by Anthony Wile
Kim Dotcom, the founder of Megaupload, a file-sharing facility, and Calvin Ayre, the founder of 'Net gambling operation Bodog, have both been indicted by US federal prosecutors.
There are other prosecutions on the way, apparently, that are even more tenuous than the ones leveled at Megaupload and Bodog. But no doubt they will be pushed forward as well.
The attack on Bodog is sad for me personally as I know Calvin Ayre and have admired him as a courageous entrepreneur – someone who has created new business models using the power of the 'Net.
Sure, his businesses involved gaming and sports contests but he didn't coerce anyone into participating. He offered a service – as a technology pioneer – and people spent their money willingly. This is not the mark of a criminal enterprise. And yet US officials want to arrest him.
We've predicted this for a long time, here at the Daily Bell. As the Internet Reformation gathers force (as it is, in my opinion), those who oppose it and want to sustain the status quo are using increasingly obvious methods of repression.
They are being forced to show their collective hand, in other words, because technology is overwhelming their previous methodologies of control. One of the basic methods of control has to do with what we call elite dominant social themes, the fear-based promotions that frighten people into giving up wealth and power to global enterprises.
But these promotions are seemingly foundering now as the Internet exposes them one by one. Global warming, the European Union, central banking, mass vaccination campaigns, "Peak Oil," electric cars – one by one the themes and sub themes of the power elite have come under serious attack.
The result has been a forcible return to authoritarianism. If people cannot be scared into willingly complying with a New World Order, then they will be FORCED into compliance.
This is just what happened after the Gutenberg Press began to have an impact in Europe. People began to find out the way THEIR world Really Worked and the result was the emergent Renaissance.
Now, people can make the argument that the Renaissance and the Gutenberg Press were two entirely distinct and separate evolutions but I would argue that to view them discretely is a mistake.
There may have been certain evolutions leading to the Renaissance that were not directly involved with the dissemination of mass-produced information but obviously, the one was influenced by the other. The result was two-fold. People became aware, increasingly, of their manipulation, and the power elite of the day – uncomfortable with this growing knowledge base – struck back as best it could.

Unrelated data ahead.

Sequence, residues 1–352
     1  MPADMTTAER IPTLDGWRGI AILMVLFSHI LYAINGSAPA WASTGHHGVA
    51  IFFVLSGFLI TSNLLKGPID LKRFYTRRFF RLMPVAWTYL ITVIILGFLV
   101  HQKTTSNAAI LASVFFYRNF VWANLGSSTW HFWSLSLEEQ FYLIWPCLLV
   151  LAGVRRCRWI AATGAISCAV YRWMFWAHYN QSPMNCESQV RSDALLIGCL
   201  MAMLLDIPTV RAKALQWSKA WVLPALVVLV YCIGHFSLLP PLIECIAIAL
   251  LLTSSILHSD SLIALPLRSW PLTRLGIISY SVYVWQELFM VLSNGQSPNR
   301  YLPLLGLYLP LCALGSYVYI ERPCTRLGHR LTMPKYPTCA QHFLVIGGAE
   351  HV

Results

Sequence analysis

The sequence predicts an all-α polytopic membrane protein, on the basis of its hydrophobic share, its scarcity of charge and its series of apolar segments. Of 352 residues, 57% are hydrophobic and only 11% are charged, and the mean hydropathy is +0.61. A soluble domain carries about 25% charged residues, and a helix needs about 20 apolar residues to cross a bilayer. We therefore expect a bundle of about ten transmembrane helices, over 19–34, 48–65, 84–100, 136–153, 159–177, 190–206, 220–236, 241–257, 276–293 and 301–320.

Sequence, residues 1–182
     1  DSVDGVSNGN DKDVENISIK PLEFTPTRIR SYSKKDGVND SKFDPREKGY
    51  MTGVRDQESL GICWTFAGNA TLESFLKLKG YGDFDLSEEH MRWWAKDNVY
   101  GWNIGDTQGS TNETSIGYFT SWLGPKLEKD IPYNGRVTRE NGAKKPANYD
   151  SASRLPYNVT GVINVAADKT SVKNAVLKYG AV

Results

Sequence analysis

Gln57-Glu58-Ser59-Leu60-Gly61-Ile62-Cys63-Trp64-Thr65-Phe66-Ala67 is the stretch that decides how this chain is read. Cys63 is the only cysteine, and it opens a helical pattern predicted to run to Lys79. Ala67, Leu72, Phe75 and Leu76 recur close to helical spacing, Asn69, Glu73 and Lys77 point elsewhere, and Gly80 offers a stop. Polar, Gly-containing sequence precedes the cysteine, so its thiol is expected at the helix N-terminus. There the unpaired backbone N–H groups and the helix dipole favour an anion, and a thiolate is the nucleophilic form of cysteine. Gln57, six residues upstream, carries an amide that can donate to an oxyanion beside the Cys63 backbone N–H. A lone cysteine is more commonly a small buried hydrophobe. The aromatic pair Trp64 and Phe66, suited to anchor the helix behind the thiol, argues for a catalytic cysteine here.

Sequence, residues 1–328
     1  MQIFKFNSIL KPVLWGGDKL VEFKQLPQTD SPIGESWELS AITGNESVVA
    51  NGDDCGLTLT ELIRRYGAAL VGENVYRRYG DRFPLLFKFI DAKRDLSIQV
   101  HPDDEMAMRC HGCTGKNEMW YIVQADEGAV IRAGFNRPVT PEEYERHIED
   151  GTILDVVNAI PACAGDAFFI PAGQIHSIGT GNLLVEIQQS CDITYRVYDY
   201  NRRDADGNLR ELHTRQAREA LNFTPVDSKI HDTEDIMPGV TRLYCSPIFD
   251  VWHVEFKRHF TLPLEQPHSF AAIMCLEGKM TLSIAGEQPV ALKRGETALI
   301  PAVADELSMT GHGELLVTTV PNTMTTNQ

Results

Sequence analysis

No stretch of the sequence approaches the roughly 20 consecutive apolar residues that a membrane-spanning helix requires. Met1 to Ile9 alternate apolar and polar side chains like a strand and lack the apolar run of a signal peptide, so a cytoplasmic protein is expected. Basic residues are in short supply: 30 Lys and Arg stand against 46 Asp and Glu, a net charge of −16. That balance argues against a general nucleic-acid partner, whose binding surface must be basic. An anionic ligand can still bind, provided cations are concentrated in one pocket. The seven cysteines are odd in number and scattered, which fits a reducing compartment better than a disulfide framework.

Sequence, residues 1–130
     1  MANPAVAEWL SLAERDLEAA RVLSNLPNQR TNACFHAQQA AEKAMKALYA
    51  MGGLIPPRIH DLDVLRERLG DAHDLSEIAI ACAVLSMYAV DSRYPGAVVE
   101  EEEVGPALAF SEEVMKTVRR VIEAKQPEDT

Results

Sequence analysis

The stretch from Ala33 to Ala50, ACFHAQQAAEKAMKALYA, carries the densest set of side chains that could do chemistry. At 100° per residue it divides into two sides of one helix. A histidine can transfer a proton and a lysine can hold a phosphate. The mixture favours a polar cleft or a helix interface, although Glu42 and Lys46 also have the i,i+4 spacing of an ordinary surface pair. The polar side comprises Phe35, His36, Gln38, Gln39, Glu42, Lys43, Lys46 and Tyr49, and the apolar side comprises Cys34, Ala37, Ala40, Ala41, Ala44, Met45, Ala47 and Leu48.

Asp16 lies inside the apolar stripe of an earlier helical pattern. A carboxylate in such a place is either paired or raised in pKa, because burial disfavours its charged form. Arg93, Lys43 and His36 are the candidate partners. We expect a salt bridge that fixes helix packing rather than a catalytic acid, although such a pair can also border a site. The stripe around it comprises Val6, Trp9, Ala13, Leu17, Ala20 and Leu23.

Two of the tools that the elites used at the time were wars and legal maneuvers. There were so many wars, in fact, that eventually the Treaty of Westphalia was convened to try to stop them.
At the same time, the doctrine of copyright was developed and propagated. Copyright, especially, was intended to stop the free-flow of information and to make both books and periodicals more expensive and thus less apt to be purchased by the "masses."
Now, granted, this is a particular point of view. Another one is that the past 1,000 years have simply marked the ascension of one ethnic type at the expense of others – the Dark Forces, so to speak, at the expense of the Good.
But that seems a bit simplistic to me – blaming one group alone for history's complexity and leaving aside other equally important forces. To be clear: It seems the Gutenberg Press threatened the elites of the day, and, partially anyway, they responded as best they could.
The Reformation and Glorious Revolution did not arise in a vacuum. No matter how manipulated they were initially by a power elite desperate to retain its influence, the ramifications ultimately seem to have outrun the intentions of the founders.
In other words, once launched, these socio-political occurrences had ramifications far beyond what was perhaps planned. And in my view they were likely launched to help blunt the impacts of the Gutenberg Press itself.
We can arrive at this conclusion simply by asking if those who may have been behind the Reformation intended that the schism create the New World (and eventually the United States) with a thousand thriving, separate sects.